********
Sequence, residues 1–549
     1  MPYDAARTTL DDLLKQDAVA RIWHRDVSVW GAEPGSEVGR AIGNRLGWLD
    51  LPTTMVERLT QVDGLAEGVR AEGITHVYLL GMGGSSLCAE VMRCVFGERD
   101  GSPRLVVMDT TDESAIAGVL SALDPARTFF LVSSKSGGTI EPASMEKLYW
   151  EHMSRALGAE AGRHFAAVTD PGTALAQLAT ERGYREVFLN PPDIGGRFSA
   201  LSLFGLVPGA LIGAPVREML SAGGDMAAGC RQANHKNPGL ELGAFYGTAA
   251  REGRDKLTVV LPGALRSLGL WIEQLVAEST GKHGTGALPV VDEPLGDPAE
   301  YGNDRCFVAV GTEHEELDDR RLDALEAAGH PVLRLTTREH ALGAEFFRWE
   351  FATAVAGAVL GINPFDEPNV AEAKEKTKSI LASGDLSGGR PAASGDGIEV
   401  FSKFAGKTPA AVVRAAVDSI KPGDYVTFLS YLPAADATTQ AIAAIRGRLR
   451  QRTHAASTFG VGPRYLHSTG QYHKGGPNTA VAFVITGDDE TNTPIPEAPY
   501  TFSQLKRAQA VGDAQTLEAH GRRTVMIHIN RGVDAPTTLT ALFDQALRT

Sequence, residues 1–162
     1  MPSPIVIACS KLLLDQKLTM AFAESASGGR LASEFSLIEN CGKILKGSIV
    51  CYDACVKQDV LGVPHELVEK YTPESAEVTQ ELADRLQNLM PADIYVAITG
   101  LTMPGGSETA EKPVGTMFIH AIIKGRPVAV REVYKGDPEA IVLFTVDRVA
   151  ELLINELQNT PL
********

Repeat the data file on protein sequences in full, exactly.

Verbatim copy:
Sequence, residues 1–549
     1  MPYDAARTTL DDLLKQDAVA RIWHRDVSVW GAEPGSEVGR AIGNRLGWLD
    51  LPTTMVERLT QVDGLAEGVR AEGITHVYLL GMGGSSLCAE VMRCVFGERD
   101  GSPRLVVMDT TDESAIAGVL SALDPARTFF LVSSKSGGTI EPASMEKLYW
   151  EHMSRALGAE AGRHFAAVTD PGTALAQLAT ERGYREVFLN PPDIGGRFSA
   201  LSLFGLVPGA LIGAPVREML SAGGDMAAGC RQANHKNPGL ELGAFYGTAA
   251  REGRDKLTVV LPGALRSLGL WIEQLVAEST GKHGTGALPV VDEPLGDPAE
   301  YGNDRCFVAV GTEHEELDDR RLDALEAAGH PVLRLTTREH ALGAEFFRWE
   351  FATAVAGAVL GINPFDEPNV AEAKEKTKSI LASGDLSGGR PAASGDGIEV
   401  FSKFAGKTPA AVVRAAVDSI KPGDYVTFLS YLPAADATTQ AIAAIRGRLR
   451  QRTHAASTFG VGPRYLHSTG QYHKGGPNTA VAFVITGDDE TNTPIPEAPY
   501  TFSQLKRAQA VGDAQTLEAH GRRTVMIHIN RGVDAPTTLT ALFDQALRT

Sequence, residues 1–162
     1  MPSPIVIACS KLLLDQKLTM AFAESASGGR LASEFSLIEN CGKILKGSIV
    51  CYDACVKQDV LGVPHELVEK YTPESAEVTQ ELADRLQNLM PADIYVAITG
   101  LTMPGGSETA EKPVGTMFIH AIIKGRPVAV REVYKGDPEA IVLFTVDRVA
   151  ELLINELQNT PL